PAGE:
Apple is exploring making iPhones in the US — 'the cost will more than double'

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Apple has asked its primary manufacturing partners, Foxconn and Pegatron, to explore making iPhones in the US, Nikkei reported on Thursday.

Foxconn has worked on a plan, according to the report, but Pegatron has not, saying that it would be too expensive. Foxconn Chairman Terry Gou is reportedly lukewarm on the plan, too, because of the rise in production costs.

Foxconn's second most powerful executive, Sharp President Tai Jeng-Wu, talked about making parts in the United States during a recent public speech.

"We are now building a new [OLED] facility in Japan. We can make [OLED panels, a kind of screen] in the US too," he said. "If our key customer demands us to manufacture in the US, is it possible for us not to do so?"

One key reason Apple might be considering a made-in-America iPhone is because President-elect Donald Trump has publicly called for the company to build its product in the US, and threatened tariffs on imports from China.

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"I'm going to get Apple to start making their computers and their iPhones on our land, not in China," Trump said during a rally in March. "How does it help us when they make it in China?"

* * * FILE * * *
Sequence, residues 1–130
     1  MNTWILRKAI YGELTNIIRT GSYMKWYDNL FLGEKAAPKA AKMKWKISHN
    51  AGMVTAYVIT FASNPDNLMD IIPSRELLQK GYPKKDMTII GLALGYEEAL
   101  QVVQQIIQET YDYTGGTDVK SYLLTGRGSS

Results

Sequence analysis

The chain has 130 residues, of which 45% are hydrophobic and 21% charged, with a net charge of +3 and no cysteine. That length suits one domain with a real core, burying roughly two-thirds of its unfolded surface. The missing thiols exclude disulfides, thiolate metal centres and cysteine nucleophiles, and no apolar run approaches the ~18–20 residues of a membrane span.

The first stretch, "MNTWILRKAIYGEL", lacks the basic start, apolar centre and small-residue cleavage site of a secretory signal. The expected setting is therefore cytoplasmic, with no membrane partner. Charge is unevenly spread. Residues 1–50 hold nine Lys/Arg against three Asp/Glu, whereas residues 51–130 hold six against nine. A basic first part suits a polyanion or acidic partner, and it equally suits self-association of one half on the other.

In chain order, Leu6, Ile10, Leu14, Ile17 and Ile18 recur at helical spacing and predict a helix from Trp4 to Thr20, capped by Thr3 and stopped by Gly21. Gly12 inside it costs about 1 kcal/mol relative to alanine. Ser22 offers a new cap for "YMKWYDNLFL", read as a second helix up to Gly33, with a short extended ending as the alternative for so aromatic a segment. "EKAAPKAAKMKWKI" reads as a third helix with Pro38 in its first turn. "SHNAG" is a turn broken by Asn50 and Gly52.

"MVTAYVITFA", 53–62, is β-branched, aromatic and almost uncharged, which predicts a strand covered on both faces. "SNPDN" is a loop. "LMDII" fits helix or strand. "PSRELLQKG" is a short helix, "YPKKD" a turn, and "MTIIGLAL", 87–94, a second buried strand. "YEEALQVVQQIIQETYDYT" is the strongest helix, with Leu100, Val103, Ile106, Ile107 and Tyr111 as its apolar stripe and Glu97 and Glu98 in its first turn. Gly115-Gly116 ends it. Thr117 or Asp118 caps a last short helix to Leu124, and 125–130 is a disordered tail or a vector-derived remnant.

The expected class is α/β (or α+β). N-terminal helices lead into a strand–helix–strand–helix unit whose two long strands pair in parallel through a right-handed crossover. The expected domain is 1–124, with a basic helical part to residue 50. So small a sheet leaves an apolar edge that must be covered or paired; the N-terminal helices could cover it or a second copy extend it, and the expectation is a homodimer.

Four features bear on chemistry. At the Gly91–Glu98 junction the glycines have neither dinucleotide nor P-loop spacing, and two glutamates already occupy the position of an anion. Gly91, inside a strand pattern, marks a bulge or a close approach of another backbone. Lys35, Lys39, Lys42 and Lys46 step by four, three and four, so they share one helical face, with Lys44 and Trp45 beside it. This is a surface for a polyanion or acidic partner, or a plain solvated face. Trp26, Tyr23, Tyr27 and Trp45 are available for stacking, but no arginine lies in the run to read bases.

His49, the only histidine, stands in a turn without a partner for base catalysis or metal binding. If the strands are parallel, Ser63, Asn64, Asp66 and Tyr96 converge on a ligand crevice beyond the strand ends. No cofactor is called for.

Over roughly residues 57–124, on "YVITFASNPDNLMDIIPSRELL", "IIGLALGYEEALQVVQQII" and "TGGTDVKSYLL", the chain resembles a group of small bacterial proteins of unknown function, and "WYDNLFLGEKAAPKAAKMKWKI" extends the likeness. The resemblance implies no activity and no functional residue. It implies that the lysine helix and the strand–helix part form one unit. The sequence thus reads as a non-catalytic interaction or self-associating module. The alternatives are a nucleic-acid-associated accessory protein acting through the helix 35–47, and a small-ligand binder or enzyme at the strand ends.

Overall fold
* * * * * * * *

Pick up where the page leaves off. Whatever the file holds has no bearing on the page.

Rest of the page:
Apple sold 232 million iPhones in 2015.

A more expensive iPhone

There are many reasons a made-in-America iPhone is improbable, starting with cost. "Making iPhones in the US means the cost will more than double," a source told Nikkei.

But there are other problems. Most of the parts that go into an iPhone come from companies in Asia, and the just-in-time manufacturing processes that Apple uses mean that shipping components across the Pacific Ocean could become costly.

"A large part of the reason electronics moved overseas is because of the entire supply chain over there," Columbia economics professor Amit Khandelwal previously told Business Insider. "It may be a lower cost to produce the final product as compared to the US, but there's also an advantage is that you're close to your other input suppliers who are other parts of the East Asia supply chain."

Even if iPhones were made in the US, economists say there's a chance that the factories would use a substantial amount of automation and robots, which means that the production of a made-in-America iPhone might not create as many jobs as Trump supporters may expect.

Apple currently makes the Mac Pro in Texas, but that's a low-volume product. It also makes some iMacs in Ireland.

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